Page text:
Some photos that have left the cradle!

Our backyard frontier

Honey bees see a world of colour through five eyes | Herald Sun…a…/e4ab972292980f8e3f1bc59e2d93deae
Jul 3, 2017 – Picture: Luis Mata/RMIT … on top of their head, which point at the sky, sense the colour of the ambient light without forming an actual image.

Indigenous knowledge & nature in our cities

Indigenous knowledge & nature in our cities

Cars in parks

Untapping the Potential of Science-Government Partnerships to Benefit Urban Nature 

MPavilion: February



The Little Things that Run the City – Final Report


How did The Little Things that Run the City project get its name?

The Little Things that Run the City has been inspired by Edward O. Wilson’s famous quote:

“…let me say a word on behalf of these little things that run the world”

The quote was part of an address given by Wilson on occasion of the opening of the invertebrate exhibit of the National Zoological Park (Washington D.C., USA). It later appeared in writing format in the first volume of the journal Conservation Biology.

The key objective of Wilson’s address was to stress the urgent need to recognise the importance of insects and other invertebrates for humanity. Almost 30 years ago he was keen to see that efforts aimed at the conservation of biodiversity were beginning to also include non-vertebrate animals. In his words:

“A hundred years ago few people thought of saving any kind of animal or plant. The circle of concern has expanded steadily since, and it is just now beginning to encompass the invertebrates. For reasons that have to do with almost every facet of human welfare, we should welcome this new development.”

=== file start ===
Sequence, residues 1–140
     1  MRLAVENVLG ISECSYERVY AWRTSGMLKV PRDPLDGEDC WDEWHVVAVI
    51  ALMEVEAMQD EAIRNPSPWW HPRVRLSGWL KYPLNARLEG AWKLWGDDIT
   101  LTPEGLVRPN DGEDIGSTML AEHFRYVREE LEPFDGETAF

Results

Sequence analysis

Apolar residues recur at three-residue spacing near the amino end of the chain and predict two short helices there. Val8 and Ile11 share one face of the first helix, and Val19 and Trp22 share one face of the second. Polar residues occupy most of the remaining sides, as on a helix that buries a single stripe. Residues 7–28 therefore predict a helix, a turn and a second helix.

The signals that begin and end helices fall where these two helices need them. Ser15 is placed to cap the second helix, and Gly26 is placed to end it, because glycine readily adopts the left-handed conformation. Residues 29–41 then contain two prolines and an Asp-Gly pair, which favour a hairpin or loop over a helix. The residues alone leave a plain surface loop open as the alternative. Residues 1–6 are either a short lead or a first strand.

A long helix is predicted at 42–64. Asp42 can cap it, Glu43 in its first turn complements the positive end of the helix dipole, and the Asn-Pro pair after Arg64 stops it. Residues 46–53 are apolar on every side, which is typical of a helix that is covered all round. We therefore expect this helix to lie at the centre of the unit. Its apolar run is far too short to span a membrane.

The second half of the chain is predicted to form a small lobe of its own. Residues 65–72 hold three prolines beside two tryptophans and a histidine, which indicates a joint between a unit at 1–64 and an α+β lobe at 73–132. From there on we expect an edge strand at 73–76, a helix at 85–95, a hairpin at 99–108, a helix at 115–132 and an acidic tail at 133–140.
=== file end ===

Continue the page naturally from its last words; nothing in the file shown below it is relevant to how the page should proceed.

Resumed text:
In this research collaboration with the City of Melbourne we aim to expand the circle further to also encompass the conservation of insects and other invertebrates in urban environments.

We are inspired to ‘say a word on behalf of the little things that run the city’.

Cover art by Kate Cranney.

Target species for rewilding, monitoring and public engagement in the City of Melbourne


On the 16th February 2016, the Urban Sustainability Branch of the City of Melbourne conducted a workshop with a working group of plant, fungi, bird, reptile, frog, mammal, insect and mollusc experts with the objective of identifying appropriate target species for rewilding, monitoring and public engagement in the City of Melbourne. The workshop was undertaken in close collaboration with our RMIT University’s Interdisciplinary Conservation Science Research Group and the Shared Urban Habitat research project of the National Environmental Science Programme – Clean Air and Urban Landscapes Hub.

The ‘Target species for rewilding, monitoring and public engagement in the City of Melbourne’ report aims to summarise the events that took place during the workshop and present its most significant findings, including a list of potential species that could be targeted for rewilding, monitoring and/or public engagement actions in the municipality.

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